First of all, you can go for a service like Google Forms that will get you started with basic surveys. You can send them to customers via emails or chats. This option is good for companies that work on a tight budget.
If you have some wiggle room in terms of spending, you can go for a paid service like SurveyMonkey that offers a more powerful surveying suit.
Another feedback-gathering option is available for companies using live chat. Many live chat solutions offer a way to gather feedback during chat. For example, you can create a post-chat survey in LiveChat that will offer the customer the chance to answer a few questions after a finished chat.
If it sounds interesting want, you can test it. Signup for LiveChat and use it for 30-days for free!
Lastly, you can create an email campaign in which you will ask for feedback regarding your product or service. Once customers start responsing, simply check how many times a particular topic comes up.
Once you know what part of your service or product is a pain to deal with for customers, you can do something about it.
It can be something as simple as fixing a bug on your website or preparing a guide on how to use your product properly. These changes will get rid of or mitigate the problem before it can cause any harm to your customers.
Creating self-service materials in proactive customer service
Solving your customers’ problems with guides and other self-service materials is one of the more scalable ways of doing proactive customer service. For example, switching from from customer service that has been done solely over the phone will allow you to save a ton of resources and manpower.
When handling a customer problem, a call center agent can help only one customer at a time. When you have hundreds of customers facing the same problem, wouldn’t it be more efficient to handle it with a single self-service material?
Once you have a guide explaining a particular problem, you can link to it every time a customer asks about that problem.
There’s a ton of different types of self-service materials you can create: a knowledge base, a FAQ section, ebook guide, tutorial video, demo of your product and more.
Place these kind of materials where customers might need them. For example, if you have a tutorial explaining your pricing plans, provide a link to the tutorial on your pricing page.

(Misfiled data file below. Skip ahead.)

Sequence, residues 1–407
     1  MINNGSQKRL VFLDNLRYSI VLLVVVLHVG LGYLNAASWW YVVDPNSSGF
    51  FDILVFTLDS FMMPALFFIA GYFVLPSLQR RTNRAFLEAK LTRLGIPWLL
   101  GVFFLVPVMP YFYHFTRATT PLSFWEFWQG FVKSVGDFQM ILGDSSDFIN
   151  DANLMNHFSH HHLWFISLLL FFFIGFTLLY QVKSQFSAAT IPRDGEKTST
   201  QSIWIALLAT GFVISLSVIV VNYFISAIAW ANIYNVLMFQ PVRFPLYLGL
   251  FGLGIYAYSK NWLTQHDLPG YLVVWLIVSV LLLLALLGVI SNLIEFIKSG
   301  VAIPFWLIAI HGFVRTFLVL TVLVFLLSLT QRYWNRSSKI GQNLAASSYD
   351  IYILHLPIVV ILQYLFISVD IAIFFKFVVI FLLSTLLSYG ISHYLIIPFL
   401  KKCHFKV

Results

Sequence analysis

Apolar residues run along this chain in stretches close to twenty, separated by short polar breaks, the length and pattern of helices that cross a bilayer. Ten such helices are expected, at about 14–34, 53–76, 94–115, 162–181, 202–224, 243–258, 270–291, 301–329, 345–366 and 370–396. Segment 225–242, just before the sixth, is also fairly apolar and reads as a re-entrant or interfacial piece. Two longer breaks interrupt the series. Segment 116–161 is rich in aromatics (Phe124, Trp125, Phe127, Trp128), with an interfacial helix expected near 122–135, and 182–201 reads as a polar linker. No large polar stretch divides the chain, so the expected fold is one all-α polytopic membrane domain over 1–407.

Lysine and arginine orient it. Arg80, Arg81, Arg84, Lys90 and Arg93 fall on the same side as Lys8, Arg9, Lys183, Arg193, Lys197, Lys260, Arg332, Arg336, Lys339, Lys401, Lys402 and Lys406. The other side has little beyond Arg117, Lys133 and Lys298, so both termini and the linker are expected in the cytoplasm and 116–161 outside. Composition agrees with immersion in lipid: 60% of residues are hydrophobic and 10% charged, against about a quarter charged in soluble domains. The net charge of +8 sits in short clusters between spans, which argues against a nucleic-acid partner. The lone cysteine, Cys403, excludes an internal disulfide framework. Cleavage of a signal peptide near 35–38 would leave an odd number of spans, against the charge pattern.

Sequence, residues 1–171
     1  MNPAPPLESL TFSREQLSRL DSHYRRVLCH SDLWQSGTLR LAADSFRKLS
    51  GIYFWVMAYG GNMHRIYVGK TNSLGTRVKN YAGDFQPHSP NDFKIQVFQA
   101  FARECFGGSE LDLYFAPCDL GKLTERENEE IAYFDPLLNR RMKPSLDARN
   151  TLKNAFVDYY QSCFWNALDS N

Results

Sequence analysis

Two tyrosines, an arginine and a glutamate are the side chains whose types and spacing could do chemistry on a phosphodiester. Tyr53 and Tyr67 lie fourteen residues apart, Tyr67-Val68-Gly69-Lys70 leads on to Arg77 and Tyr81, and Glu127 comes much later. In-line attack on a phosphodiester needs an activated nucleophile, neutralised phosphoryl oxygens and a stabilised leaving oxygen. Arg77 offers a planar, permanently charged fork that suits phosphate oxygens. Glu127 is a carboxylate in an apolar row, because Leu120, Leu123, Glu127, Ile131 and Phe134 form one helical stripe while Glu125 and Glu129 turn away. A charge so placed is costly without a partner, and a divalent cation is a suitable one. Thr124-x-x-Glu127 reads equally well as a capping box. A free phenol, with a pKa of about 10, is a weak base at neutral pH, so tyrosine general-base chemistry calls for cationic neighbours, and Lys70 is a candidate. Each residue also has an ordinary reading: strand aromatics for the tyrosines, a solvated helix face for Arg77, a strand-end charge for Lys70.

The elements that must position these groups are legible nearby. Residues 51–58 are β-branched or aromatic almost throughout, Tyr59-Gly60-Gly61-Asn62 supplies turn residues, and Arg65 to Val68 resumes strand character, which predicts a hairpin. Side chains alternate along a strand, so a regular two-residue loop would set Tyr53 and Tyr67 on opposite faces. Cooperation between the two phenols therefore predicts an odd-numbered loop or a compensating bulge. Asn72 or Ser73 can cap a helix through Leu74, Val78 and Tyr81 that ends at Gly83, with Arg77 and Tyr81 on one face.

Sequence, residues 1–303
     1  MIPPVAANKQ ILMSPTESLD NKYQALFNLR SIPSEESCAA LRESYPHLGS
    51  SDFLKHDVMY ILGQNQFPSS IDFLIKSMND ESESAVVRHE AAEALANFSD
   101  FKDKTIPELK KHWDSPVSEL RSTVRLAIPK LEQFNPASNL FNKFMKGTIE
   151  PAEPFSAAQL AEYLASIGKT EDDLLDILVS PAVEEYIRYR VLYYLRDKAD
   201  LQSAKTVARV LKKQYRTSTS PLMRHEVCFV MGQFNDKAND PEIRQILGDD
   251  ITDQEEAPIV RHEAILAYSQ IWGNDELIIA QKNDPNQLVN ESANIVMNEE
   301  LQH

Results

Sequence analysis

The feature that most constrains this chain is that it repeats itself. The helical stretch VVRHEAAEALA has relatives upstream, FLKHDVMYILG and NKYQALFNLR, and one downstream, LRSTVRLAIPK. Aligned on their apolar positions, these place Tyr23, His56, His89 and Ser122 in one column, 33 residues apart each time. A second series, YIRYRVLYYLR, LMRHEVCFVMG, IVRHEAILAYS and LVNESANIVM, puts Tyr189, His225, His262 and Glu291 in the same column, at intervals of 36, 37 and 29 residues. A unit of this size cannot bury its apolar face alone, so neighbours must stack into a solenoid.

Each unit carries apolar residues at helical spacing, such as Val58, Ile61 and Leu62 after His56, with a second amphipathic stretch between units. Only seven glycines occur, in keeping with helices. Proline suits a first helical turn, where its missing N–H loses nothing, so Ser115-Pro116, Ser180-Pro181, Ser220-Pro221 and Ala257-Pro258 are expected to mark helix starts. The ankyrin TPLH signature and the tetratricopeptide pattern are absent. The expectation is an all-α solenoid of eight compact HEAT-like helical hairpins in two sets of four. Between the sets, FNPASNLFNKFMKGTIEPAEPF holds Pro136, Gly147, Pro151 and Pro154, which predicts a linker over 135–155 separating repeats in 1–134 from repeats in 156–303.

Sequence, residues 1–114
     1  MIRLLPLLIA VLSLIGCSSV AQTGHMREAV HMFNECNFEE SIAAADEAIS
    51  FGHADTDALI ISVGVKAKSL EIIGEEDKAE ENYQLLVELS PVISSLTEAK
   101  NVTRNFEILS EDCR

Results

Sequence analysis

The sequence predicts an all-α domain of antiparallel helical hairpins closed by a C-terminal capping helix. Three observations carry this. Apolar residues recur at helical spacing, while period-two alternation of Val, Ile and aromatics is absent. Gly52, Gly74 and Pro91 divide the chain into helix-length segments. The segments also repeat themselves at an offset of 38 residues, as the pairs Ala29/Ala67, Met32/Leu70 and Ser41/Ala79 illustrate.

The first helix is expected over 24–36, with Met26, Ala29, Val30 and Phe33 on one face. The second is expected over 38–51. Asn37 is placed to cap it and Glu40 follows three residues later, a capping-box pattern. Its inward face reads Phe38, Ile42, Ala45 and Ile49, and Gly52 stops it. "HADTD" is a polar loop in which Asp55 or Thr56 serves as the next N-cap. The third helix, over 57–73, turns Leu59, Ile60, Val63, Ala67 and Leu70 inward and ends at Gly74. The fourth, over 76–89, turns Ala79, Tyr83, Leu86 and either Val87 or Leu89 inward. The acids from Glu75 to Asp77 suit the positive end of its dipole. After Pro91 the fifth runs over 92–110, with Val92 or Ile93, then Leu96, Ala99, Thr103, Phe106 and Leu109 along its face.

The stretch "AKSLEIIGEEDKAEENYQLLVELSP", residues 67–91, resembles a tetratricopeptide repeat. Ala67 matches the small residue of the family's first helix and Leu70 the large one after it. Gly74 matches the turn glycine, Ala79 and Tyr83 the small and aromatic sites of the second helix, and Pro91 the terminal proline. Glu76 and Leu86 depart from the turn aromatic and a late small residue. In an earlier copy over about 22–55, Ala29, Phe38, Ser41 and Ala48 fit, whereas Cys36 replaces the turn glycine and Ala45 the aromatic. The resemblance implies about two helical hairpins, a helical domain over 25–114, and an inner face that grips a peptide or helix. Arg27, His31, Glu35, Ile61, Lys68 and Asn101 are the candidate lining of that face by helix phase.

We do something similar in LiveChat by providing a link to a tutorial in every feature description in our app. For example, when someone wants to learn more about chat window customization, there's a link to a tutorial waiting in the customization section of the app.
Monitoring user activity in proactive customer service
You know what’s even more impressive than offering helpful self-service materials? Stepping in when a customer is about to face a challenging problem.
For that kind of help, you need something more than just a feedback platform. You need real-time monitoring of customers’ activity on your website.
One of the quickest ways you can get something like that on your website is getting a live chat. Most live chat offer a way to not only get in touch with your customers but also to see what they are up to when visiting your website.
What does a real-time monitoring gives you?
For starters, you can see how customers are moving through your website. For example, you can see when they are going to a different page, how much time they are spending on a particular page and so on.
You could say that you get the same (and more) data in Google Analytics, and you would be right. However, GA doesn’t allow you to react to a customer action that you know will end with the customer leaving your website. You also get to interact with individual customers that have names and nationalities instead of just numbers.
When you notice a customer going back and forth two websites, there’s a good chance they got stuck and need help. The same goes if a customer spends a lot of time on a website that should take them just a couple of minutes to go through, for example your shopping cart. In these kind of situations, you can jump in and save the cart by starting a chat with them.
With this kind of responsibility, you might think that it is absolutely crucial that you don’t let your eyes of the visitors list. However, this is not something anyone could do, especially if you are getting a lot of traffic.